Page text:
2. Veganism is not an eating disorder and anyone who says it is only views animals and their secretions as food. To a true vegan, animals are inedible. The thought of eating an animal repulses me in the same way as the thought of eating a human – it’s not about food, it’s about respect for life.

    OK, I have two more points. I can’t help it.
    3. Sustainable, fair trade, organic food can GO ALONG WITH veganism. There is no either/or. It’s not vegan OR fair trade.
    4. I wish she’d open up comments. I want to write about it, but I’m really trying to cut back on blogging and I’d rather just write in comments more often nowadays. Oh well. It’s her choice and it’s probably a good one for her.

  6. Dani Says:

    I wish I saw this post earlier today. I think the following are very important questions, and, unfortunately, questions that are too rarely asked:

    Is a vegan lifestyle really a “cruelty free” lifestyle? Why is it so easy to prioritize cruelty inflicted on animals over cruelty inflicted on brown people? Why can people list a whole litany of wrongs committed against animals by the food industry–but at the same time those people “never really thought” about what happens to the workers?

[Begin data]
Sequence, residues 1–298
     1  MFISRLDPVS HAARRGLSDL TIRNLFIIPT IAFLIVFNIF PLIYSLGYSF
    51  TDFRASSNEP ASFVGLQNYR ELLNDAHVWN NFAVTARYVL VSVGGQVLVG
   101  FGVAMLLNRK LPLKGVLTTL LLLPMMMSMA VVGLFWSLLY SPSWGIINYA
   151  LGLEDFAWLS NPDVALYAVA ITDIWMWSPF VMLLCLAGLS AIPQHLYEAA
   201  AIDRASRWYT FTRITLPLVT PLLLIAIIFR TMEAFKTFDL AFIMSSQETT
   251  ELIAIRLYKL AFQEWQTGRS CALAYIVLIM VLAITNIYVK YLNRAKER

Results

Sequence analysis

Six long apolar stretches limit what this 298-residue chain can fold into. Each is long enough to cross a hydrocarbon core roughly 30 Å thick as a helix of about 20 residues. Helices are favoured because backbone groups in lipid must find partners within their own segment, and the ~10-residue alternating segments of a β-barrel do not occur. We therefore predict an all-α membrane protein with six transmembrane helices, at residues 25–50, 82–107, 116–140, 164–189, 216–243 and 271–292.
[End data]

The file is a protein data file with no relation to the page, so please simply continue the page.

Over the last decade, self-styled “vegan” advocates have in fact prioritized cruelty inflicted on other animals over cruelty inflicted on brown people. For instance, the organization Vegan (sic) Outreach has specifically justified disregarding the Coalition for Immokalee Workers (see, Setting Priorities and Building Bridges?) for “the importance of convenience.”

    I agree with Elaine that, “Being vegan isn’t about prioritizing some cruelty over other cruelty.” But the organization mentioned above disagrees. If an organization with “vegan” in its name is promoting this type of white/class privilege, then people asking the questions above they are going to come to a different conclusion – and justifiably so.

  7. johanna Says: